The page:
There has been a lot of talk about the so called “social media” revolutions going on in the world. Is what happened in Tunisia and what is going on in Egypt and Yemen the result of an increased global communication? Twitter and Facebook might be the tools for global communication, but they certainly aren’t the first. Travelers are the first.
People often remark about the countries we’ve chosen to visit. Eyes widen when we discuss travel experiences in places like Colombia, Zimbabwe, Sudan and Uzbekistan. “Isn’t it dangerous?” people ask. “Your visa fee goes to support a repressive regime,” they sneer. “Isn’t their president indicted by the International Criminal Court?”
There are many arguments for and against traveling to countries whose government’s fail a moral litmus test. These arguments are completely valid and of course not to be taken lightly, but can tourism achieve what diplomacy cannot?
Before you laugh, let’s take a look at what tourism actually is. It’s a one-on-one industry. One that brings people from different cultures and backgrounds together. It’s one of only a few industries in which citizens of these regimes can have legal interaction with foreigners. Tourism, even if government controlled, like it is in Uzbekistan, pours money into private pockets. We may stay at a government sanctioned hotel, but we shop, eat and spend money on the street. Remember what happened to us in Asiyut, Egypt? Even with police escorts we still were able to shop and spend money wherever we wanted, even making friends on the street. Independent traveler’s often have the opportunity to distribute cash in a way more than any government or international aid organization could ever dream.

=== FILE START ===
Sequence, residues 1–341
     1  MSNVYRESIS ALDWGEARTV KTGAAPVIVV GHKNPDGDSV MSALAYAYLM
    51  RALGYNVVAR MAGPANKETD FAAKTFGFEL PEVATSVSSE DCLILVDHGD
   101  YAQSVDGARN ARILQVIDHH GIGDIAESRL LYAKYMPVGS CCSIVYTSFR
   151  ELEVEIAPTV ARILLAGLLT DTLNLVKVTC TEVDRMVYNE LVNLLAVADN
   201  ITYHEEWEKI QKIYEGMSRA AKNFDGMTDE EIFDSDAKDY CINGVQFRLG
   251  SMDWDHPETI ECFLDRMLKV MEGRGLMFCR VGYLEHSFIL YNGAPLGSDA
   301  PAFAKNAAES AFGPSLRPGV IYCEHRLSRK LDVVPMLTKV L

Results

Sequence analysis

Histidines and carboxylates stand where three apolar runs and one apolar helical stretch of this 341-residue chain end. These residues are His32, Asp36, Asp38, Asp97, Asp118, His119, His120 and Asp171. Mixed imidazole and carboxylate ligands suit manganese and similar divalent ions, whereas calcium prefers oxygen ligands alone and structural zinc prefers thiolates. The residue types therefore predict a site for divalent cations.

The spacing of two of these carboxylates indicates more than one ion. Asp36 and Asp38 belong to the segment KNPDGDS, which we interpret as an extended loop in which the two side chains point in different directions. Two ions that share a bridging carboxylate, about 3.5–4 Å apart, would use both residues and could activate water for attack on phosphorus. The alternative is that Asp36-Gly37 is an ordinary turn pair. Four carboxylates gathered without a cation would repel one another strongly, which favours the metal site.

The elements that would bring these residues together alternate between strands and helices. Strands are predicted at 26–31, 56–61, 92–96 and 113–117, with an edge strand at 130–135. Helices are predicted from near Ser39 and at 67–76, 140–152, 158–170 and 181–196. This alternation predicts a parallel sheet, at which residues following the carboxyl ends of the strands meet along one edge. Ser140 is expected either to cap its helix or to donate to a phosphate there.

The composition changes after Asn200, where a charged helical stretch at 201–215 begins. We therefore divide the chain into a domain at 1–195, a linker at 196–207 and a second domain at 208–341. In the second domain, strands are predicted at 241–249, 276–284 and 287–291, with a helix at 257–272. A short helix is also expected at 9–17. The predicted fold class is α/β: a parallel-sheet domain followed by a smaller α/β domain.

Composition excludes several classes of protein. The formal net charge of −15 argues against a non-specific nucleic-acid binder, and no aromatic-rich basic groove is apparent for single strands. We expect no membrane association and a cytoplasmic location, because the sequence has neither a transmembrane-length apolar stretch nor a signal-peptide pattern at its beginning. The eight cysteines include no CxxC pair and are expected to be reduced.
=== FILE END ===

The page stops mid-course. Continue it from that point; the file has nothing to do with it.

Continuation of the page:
Most traveler’s don’t set out to change the world. They set out to explore a new country or meet some new people. Maybe they’re hoping to change their own world, but I doubt most of them are hoping to be a part of a revolution. The fact is every conversation, every personal interaction and every negotiation, exchanges ideas, encourages sharing and becomes part of our global communication.
At this very moment there are backpackers, just like us, in Egypt and across the Levant. Are they diplomats in their own right? Will their conversations, interactions and dealings provoke or continue the political change? With everything that’s going on surrounding them, I can only imagine what their stories will be like when the smoke clears. I can’t help but wonder what conversations and ideas they can share, even without modern day social media.